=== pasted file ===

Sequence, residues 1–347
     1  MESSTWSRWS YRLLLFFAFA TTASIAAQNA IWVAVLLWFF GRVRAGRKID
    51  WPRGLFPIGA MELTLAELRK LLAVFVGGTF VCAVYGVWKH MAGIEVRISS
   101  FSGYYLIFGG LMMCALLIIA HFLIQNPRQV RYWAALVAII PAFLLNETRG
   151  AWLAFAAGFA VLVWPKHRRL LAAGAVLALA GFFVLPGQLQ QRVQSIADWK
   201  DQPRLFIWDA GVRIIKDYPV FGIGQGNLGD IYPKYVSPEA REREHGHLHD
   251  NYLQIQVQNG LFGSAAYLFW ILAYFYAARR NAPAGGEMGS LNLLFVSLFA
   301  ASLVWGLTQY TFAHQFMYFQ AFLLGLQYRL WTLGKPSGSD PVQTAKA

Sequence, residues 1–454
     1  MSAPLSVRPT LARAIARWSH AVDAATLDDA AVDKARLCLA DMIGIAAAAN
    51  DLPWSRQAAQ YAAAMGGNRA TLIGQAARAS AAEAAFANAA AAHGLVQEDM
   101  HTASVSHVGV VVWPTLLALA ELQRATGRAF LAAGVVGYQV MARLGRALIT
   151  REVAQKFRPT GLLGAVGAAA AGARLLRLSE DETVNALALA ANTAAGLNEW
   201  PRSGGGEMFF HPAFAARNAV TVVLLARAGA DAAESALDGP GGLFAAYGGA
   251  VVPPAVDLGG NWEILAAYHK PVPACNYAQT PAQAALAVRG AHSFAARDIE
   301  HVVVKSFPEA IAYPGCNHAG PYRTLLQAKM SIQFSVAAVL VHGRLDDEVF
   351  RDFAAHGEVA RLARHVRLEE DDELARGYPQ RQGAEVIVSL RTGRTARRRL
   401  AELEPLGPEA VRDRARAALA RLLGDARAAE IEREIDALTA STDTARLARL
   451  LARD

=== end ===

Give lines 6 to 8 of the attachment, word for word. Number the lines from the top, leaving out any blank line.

   201  DQPRLFIWDA GVRIIKDYPV FGIGQGNLGD IYPKYVSPEA REREHGHLHD
   251  NYLQIQVQNG LFGSAAYLFW ILAYFYAARR NAPAGGEMGS LNLLFVSLFA
   301  ASLVWGLTQY TFAHQFMYFQ AFLLGLQYRL WTLGKPSGSD PVQTAKA